Saturday, October 18, 2014


So, I watched “Fury” for Aleteia this week, David Ayer’s new flick starring Brad Pitt as the commander of a Sherman Tank in the waning days of WWII. While I’m still not quite sure what message (if any) the movie was trying to convey, the film definitely gets points for realism. If nothing else, “Fury” lets you feel what it must have been like to spend most of your day crammed inside a rolling metal box approximately the size of a standard hall bathroom with four other sweaty guys. And for the one or two of you out there who might actually find that idea attractive, remember that the Germans were consistently lobbing grenades at you the whole time.

Of course, as Private Snafu could tell you, enemy combatants aren’t a soldier’s only concern. What’s that, you’ve never heard of Private Snafu? He was the Warner Brothers animation department’s contribution to the military’s training program during WWII. All of their top talent worked on the series, which was shown only to members of the armed forces. Snafu, as his name suggests, was an idiot who never followed proper military protocol. As a result, he pretty much ended up imprisoned, hospitalized or flat out dead by the end of every episode. Where’s his final destination in “Spies?” Let’s find out…

Well, as it says in Proverbs 18:21, “Death and life are in the power of the tongue.” Because of that, later on in Proverbs 21:23, we are advised that “Those who guard mouth and tongue guard themselves from trouble.” If we don’t follow that advice, then James 1:26 warns us, “If anyone thinks he is religious and does not bridle his tongue but deceives his heart, his religion is vain.”

Yep, it certainly sounds like it would be a good idea to follow the example of the Psalmist, who prayed in Psalms 141:3, “Set a guard, Lord, before my mouth, keep watch over the door of my lips.” That’s an excellent prayer for us all, from the lowliest privates to the highest ranking generals, from the laymen in the pew to the loftiest princes of the Church. Not that any Cardinal would ever be in need of such a prayer… right?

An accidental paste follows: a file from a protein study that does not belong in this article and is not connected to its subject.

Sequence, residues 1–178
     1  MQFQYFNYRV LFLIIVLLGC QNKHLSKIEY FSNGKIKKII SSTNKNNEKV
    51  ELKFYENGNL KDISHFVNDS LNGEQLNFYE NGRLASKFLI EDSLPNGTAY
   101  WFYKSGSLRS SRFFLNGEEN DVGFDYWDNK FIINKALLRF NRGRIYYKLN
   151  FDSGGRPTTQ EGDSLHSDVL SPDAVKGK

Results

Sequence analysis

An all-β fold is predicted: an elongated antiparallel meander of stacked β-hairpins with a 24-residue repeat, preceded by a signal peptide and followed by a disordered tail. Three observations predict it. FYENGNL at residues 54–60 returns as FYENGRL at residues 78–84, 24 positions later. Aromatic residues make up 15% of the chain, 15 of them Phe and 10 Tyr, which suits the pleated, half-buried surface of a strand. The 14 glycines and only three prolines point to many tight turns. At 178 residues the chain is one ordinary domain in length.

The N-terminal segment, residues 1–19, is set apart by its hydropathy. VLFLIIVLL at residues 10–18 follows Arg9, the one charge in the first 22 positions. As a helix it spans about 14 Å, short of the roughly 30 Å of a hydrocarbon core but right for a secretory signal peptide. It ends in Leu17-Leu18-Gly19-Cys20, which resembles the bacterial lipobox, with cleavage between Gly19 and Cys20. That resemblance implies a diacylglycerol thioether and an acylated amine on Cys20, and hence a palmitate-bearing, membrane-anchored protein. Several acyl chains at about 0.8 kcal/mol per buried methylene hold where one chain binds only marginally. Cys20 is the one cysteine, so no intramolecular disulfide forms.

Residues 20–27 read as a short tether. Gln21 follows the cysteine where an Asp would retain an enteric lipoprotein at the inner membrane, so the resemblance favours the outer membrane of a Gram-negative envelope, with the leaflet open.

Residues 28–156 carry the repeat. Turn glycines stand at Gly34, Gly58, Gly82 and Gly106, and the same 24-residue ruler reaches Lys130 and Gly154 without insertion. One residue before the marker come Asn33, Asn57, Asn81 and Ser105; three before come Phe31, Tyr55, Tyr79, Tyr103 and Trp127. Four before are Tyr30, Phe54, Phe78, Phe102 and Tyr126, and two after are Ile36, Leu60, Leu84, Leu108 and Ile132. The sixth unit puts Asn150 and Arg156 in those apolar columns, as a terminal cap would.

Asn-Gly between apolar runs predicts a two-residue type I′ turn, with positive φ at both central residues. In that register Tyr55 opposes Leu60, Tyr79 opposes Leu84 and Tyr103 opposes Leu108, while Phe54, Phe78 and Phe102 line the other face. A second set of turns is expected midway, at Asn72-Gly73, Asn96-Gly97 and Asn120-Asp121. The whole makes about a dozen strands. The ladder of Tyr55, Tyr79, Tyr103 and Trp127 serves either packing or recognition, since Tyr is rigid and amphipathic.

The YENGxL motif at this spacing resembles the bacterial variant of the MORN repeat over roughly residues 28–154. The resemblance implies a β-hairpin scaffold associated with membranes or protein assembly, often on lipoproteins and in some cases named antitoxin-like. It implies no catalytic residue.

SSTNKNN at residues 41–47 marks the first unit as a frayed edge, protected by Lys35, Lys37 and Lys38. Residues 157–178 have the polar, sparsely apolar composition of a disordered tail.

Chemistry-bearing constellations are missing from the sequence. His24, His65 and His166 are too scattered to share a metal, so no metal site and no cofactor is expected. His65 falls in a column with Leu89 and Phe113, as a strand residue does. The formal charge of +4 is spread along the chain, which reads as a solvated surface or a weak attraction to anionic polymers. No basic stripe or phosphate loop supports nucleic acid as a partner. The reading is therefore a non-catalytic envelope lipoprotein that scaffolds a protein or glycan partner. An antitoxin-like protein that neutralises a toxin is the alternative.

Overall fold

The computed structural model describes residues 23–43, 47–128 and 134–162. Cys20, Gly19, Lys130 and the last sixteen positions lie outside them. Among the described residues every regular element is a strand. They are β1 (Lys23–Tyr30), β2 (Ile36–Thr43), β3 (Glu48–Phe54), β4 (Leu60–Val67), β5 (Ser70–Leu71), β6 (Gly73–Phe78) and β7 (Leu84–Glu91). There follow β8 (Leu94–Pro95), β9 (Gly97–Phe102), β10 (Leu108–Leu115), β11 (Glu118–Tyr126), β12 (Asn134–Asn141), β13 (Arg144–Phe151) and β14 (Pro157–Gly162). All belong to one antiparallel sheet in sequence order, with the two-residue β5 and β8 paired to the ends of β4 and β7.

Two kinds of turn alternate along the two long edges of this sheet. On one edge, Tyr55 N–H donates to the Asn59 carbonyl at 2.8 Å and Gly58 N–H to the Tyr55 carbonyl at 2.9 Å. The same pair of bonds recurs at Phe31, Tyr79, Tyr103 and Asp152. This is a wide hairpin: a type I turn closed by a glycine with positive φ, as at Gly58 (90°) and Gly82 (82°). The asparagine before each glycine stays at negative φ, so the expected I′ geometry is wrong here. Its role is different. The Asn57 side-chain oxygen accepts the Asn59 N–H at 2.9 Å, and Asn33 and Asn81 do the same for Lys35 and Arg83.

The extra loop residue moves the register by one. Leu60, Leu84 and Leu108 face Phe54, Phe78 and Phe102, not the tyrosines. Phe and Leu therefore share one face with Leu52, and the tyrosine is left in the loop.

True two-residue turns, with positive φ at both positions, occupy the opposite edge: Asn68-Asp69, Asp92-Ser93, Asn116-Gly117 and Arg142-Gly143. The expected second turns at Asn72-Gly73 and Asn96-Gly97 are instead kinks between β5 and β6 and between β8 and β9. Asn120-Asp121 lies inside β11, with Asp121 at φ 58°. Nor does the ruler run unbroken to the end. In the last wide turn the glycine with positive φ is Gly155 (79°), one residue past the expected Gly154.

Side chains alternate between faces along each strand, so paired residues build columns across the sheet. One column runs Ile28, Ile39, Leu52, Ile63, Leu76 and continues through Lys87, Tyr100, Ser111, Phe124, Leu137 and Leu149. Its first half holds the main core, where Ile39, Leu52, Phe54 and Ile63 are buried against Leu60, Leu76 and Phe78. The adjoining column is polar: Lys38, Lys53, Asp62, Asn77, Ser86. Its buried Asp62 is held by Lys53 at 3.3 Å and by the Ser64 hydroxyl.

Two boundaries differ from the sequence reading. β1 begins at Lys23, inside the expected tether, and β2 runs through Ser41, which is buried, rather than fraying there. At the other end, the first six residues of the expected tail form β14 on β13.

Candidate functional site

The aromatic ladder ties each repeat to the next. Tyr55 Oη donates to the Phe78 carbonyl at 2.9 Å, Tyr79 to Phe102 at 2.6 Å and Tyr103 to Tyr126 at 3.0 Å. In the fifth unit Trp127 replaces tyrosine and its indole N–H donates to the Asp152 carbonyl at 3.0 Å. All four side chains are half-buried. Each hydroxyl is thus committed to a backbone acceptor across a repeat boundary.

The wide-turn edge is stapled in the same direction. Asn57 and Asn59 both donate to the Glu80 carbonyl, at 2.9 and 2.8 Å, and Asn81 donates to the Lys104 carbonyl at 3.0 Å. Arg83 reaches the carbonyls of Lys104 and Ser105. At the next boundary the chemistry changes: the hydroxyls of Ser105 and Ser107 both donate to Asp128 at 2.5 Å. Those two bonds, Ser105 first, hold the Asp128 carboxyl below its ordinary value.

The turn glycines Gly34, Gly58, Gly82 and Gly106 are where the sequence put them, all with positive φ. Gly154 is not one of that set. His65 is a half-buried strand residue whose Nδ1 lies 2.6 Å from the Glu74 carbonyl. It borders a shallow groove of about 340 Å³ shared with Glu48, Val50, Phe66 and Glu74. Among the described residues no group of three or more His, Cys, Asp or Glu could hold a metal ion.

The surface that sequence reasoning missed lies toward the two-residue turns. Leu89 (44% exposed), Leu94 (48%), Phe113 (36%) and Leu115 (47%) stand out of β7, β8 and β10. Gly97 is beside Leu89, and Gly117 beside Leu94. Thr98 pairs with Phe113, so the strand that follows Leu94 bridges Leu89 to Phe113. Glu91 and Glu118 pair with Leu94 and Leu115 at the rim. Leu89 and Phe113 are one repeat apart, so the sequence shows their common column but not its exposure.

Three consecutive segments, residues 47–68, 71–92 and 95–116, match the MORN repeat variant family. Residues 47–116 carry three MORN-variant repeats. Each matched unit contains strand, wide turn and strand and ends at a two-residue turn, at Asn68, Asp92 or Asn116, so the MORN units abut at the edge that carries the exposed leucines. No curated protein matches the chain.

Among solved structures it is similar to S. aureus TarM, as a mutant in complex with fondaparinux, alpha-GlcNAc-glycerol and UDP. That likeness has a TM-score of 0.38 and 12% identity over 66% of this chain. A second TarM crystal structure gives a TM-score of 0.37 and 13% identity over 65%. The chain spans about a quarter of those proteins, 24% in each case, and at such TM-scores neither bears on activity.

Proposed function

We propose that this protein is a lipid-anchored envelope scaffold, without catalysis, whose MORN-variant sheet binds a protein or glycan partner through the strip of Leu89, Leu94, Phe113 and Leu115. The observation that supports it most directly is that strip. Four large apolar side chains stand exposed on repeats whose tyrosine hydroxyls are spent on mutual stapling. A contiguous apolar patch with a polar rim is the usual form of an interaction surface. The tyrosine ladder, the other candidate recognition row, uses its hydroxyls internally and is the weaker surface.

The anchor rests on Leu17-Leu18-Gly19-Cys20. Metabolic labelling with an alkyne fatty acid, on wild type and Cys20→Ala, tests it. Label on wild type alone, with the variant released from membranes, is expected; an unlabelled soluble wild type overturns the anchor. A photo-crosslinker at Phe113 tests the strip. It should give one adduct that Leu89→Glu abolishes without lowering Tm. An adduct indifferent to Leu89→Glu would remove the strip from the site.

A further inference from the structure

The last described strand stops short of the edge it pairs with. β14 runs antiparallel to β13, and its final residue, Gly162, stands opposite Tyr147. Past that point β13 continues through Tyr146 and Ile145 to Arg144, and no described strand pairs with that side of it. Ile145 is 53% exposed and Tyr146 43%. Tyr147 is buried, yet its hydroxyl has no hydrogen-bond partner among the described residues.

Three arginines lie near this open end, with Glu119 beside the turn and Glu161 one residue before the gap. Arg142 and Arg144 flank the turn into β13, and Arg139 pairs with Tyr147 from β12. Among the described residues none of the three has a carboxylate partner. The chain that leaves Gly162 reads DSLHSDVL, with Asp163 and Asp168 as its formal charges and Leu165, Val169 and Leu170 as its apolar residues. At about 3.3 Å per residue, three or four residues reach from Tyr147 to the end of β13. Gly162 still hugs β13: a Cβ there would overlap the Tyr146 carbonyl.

Rocket Scientist said...

OK. I'm going to play Devil's Advocate here. Sort of. The following comes from our parish priest. He preached avidly in pasty years over the issue of homosexuality, in line with church teaching. He encouraged parishioners in our Texas parishes to vote for the amendment to the Texas Constitution which specified that the term "marriage" applied to marriage between a man and a woman. He emphasized that we needed this amendment to protect the rights of pastors preaching from the pulpit against lawsuits when they advocated christian marriage. The amendment passed. Did it protect pastor? No. Recently, the Houston mayor subpoenaed texts of pastors' sermons after a petition was passed around. The subpoenas were issued in a response to a lawsuit, also known as the “Bathroom Bill.” Religious groups were opposed to a provision of the law that would allow men who identify as women to use the restrooms of their choice. It's a long story. The point here is that our priest did not "guard his tongue". In line with church teaching, he is suffering the consequence of having his sermons subpoenaed. He did not, and should not, have held his tongue. It depends on the circumstances.

EegahInc said...

Well, I think what your priest is doing falls under "Therefore, putting away falsehood, speak the truth, each one to his neighbor, for we are members one of another." Another few years, we could all be in his place.

What I had in mind was more along the lines of certain Cardinals blabbing their personal opinions (rather than Church teachings) to the media. I've heard tale of such things happening from time to time.

Rocket Scientist said...

Yes. I am old enough to remember the gaff when Cardinal Richard Cushing made an unfortunate comment about Jackie Kennedy's marriage to Aristotle Onassis. With a twinkle in his eye, our pastor said that there were no notes to subpoena. All his homilies are from here (motions to the Holy Bible) and here (motions to his head).